Publishers, especially in an on-line environment, are increasingly finding that they are attempting to limit copyright violation rather than prevent it entirely. While smaller businesses, acting as both retailer and publishers, are now finding themselves entering the publishing sector on-line; it is becoming much harder to implement copyright controls through legal remedies, because of the widespread nature of copyright violation in many ways and forms and the difficulty of litigating in countries other than their own. Digital Rights Management software or DRM software is helping in terms of ebook copy prevention β publishers can also limit the functionality of documents in terms of printing, saving, and other features which could in turn encourage or facilitate copyright theft. Such controls undoubtedly help, and those that wish to host and digitally distribute versions of their published work can always do so when they are willing to invest the time and energy into doing so.
Copyright theft can be carried out in many ways, and is estimated to cost the publishing business over $5 bn per year. While there are no breakdowns of overall losses in terms of violation attribution to specific types, the rise in popularity of PDF format for a ‘standardised’ publishing medium, and thence the development of PDF security mechanisms, can certainly be praised in terms of its contribution towards limiting small scale illegal distribution of or alterations to publishers copyright assets β and for those reasons, most publishers find that they can make a good return from investing in associated DRM software and digital rights management solution providers.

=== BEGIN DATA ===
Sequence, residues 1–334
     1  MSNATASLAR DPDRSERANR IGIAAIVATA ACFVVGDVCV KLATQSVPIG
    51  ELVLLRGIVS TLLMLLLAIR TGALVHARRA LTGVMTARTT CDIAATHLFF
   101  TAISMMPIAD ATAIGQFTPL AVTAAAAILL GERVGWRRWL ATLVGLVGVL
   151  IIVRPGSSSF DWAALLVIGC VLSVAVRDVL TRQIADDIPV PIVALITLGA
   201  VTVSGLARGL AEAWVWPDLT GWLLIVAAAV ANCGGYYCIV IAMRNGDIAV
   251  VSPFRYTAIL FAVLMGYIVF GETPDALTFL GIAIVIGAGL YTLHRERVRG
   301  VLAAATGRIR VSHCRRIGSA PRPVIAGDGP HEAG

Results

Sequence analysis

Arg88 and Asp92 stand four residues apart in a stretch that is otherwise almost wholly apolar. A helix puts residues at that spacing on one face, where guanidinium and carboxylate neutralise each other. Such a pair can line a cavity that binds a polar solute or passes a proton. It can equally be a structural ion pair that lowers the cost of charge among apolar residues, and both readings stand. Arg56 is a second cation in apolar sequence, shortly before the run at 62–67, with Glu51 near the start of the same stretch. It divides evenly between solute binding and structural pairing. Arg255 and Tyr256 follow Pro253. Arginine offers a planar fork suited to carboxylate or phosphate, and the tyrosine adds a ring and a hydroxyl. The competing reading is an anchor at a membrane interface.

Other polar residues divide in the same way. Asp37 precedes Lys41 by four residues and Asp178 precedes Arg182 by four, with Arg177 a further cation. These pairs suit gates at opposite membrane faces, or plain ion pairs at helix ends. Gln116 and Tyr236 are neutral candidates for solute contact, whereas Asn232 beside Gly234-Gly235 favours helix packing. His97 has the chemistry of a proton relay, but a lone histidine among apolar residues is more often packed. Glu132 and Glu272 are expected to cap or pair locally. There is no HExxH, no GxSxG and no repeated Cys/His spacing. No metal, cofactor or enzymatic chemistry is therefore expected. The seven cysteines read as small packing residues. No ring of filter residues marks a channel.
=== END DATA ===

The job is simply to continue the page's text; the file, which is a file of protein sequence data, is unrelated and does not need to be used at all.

Document security is constantly evolving, and according to some analysts, the increased margins achievable through on-line distribution, makes the battle one that publishers are happy to participate in because of the increased market reach and speed of delivery. The almost monopolistic market-share of Adobe had, perhaps, also left some publishers concerned; fearing that DRM security software would not evolve at the rate it should, perhaps through compatibility issues when 3rd party innovators make progress in the market, when dominant players seek to create their own monopolies. Despite that, it would be unfair to say that Adobe has not continued to progress β thanks to the evolution of elearning on-line β with its features which include commenting within documents that have been added more recently.
While the digital rights management space continues to gain traction under pressure from larger publishers, the internet has also opened up a can of worms in terms of how easy it is to commit copyright violation. Now, thanks to user generated on-line content, or citizen journalism, websites are now allowed to have their users publish content they do not own copyright to, as long as the remove it upon request from the copyright owner. This is making it even harder for publishers who already feel unprotected by the law, and who are looking towards the private sector β and the digital rights management software industry β to help. Such are the concerns regarding copyright violation that ebook publishers are even refraining from allowing some of their customers to print out versions of the books, stopping people from being able to listen to their e-books in audio, and other drastic measures which are being taken to tackle the growing problem. As innovators, such as LockLizard www.locklizard.com, continue to make progress, publishing industry companies β large and small β can be confident that the problem of copyright violation will inevitably decline over time as their methods and technologies become widely implemented and accepted.